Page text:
You may know him as the Naked Chef, but Jamie Oliver is quickly becoming a heavy contender in a global food fight. Armed with a celebrity name and a lifetime of experience in nutrition, Oliver hopes to take on the American food system by educating the public about processed foods and inspiring food activism. The chef and long-time health advocate doesn’t just cook great meals, he’s also fueling a cultural movement towards food awareness—and he’s using a social media campaign to spice things up.
“In the next eighteen minutes, four Americans that are alive will be dead from the food that they eat.” So begins Jamie Oliver’s award-wining TED talk, which he delivered in February of 2010 to a gaping and shell-shocked audience. Parents gasped as they learned the truth of American healthcare and the ingredients going into their children’s food in public schools. Oliver announced soon later that he’ll be investing all $100,000 of his TED prize money into kick-starting a food-awareness movement in North America. “I’m not a doctor” he says, “I’m a chef. I don’t have expensive equipment or medicine. I use information [and] education.”
After starring in more than six TV series, penning more than a dozen books, launching more than four food activism initiatives, and delivering talks across the U.S. and the U.K., Jamie Oliver is engaging with social media to further his cause to bring food awareness to the world.
Oliver had joined with the Social Media Leadership Forum, an organization that collaborates with corporations and enterprises to find effective ways of using social media. Through social networking sites like Facebook and Twitter, Oliver inspires parents, educators, and food activists to get involved in his war on the American food system. The social entrepreneur has 1,096,184 followers on Twitter, and 604, 661 ‘likes’ on Facebook. His Facebook page beckons visitors to sign his Food Revolution petition, a digital document that has already garnered more than 642, 531 supporters in the United States alone.
Monisha Saldanha, a former ebay employee and Head of Online at Jamie Oliver, says social media is helping Oliver realize his dream of educating children about food and raising awareness about North American eating habits. Saldanha says that social media is the means by which people can connect to Jamie and learn about his aims for the food revolution. “We’re going to integrate Facebook across the website, so people can interact and use Facebook as a platform […] to engage” Saldanha says in an interview. She highlights the potency of Facebook as a tool for social change, as the social networking site has the potential to reach 500 million people.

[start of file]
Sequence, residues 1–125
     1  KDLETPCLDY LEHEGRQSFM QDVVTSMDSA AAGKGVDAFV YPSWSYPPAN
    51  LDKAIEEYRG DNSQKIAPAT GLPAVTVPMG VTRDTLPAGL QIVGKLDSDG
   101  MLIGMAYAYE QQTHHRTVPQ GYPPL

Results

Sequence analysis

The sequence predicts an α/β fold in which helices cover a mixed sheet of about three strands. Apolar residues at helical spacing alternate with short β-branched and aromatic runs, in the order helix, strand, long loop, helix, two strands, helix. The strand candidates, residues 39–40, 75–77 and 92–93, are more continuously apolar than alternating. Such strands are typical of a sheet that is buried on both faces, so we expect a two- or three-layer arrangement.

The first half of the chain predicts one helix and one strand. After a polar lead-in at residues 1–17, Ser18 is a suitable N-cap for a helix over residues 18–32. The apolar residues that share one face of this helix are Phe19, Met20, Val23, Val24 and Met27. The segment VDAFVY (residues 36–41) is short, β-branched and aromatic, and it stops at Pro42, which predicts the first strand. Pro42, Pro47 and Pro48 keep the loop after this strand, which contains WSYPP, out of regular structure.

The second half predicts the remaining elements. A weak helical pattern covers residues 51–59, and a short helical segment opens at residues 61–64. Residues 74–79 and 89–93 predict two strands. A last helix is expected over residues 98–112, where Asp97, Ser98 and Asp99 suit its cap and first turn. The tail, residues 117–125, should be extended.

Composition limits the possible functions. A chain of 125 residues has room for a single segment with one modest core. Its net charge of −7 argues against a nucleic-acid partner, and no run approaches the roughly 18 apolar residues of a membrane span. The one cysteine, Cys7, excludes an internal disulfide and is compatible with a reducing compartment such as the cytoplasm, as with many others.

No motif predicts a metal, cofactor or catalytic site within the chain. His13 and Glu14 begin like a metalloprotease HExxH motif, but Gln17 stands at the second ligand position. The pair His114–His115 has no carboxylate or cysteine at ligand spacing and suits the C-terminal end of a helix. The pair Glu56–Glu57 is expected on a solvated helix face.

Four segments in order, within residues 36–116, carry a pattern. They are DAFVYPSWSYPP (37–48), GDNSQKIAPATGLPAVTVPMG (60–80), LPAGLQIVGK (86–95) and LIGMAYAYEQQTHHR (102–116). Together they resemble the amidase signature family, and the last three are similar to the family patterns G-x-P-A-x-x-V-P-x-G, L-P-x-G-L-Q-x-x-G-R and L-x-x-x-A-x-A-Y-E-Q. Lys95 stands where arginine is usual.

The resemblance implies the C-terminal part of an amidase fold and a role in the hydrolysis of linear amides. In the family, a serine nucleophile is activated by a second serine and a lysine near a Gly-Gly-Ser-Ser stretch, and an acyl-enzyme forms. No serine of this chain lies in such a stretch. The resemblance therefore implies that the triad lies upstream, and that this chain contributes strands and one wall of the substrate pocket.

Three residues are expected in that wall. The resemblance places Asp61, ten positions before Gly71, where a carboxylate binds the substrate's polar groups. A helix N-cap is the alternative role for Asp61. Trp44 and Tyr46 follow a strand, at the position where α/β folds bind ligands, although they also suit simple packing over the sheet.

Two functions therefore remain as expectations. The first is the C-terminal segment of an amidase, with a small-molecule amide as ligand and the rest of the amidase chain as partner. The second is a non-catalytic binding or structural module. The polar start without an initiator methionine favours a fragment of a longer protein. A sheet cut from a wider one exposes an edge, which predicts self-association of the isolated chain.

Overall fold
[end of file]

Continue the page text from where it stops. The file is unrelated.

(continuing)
Saldanha explains that to most people, social media means Facebook and Twitter, and sometimes YouTube, but she expands the definition of social media to include the people creating online content and stirring conversations for webspaces like jamieoliver.com. Saldanha attributes the success of the website to the community it’s fostered online; people don’t just visit Olvier’s page once, she says, they come back, allowing a more intimate engagement with the chef activist and his enterprize. The returning visitors are passionate about Jamie’s cause and want to do more than just ‘like’ his page.
“The thing about things like Facebook is that you get the numbers of people, but you don’t have to be very committed” says Saldanha. “We all know how easy it is to ‘like’ something, or how easy it is on Twitter to start following someone, and that doesn’t mean you care very much […] Whereas on Jamie’s website, you’ve registered and you’re choosing to have your conversations there.”
With the social media campaign showing positive results, this may just be what Oliver needs. The chef says he’s tired but remains committed to making positive change. On the first season of Food Revolution, Oliver visited Huntington, West Virginia, a city known as one of the unhealthiest in America. His second season was scheduled to be filmed in Los Angeles, which is home to some of the healthiest people, but is also a city of great poverty and unequal distribution of wealth. “In L.A., you’ve got some of the healthiest and fit people in the world and some of the most wonderful food in the world, but you’ve also got some of the most incredible poverty – and food deserts, where people without cars have to spend two or three hours on a round trip in order to get fresh food” Oliver told The Globe and Mail. According to the Huffington Post, Oliver’s campaign got off to a rocky start when Los Angeles school district banned Oliver’s cameras from going inside school kitchens. “I think we swam into a minefield,” Oliver told The Associated Press. “I’m really disappointed that I couldn’t get in there at all. I’m disappointed that as public servants, they feel they have the right to not be transparent.”
If Oliver can reach people through his social media campaign, he can greatly improve the scope and trajectory of his activism. Oliver appeared as a guest on The Colbert Report last week to talk about his dream for North America nutrition, and he asked parents to engage via Twitter.
“You only have to affect 2 percent of the population to make radical change,” Oliver reminds us in his TED talk. “If one person teaches three people how to cook something, and they teach three of their mates, that only has to repeat itself twenty-five times and that’s the whole population of America. Romantic? Yes, but most importantly, it’s about getting everybody to realize that every one of your individual efforts makes a difference. We’ve got to put back what’s been lost.”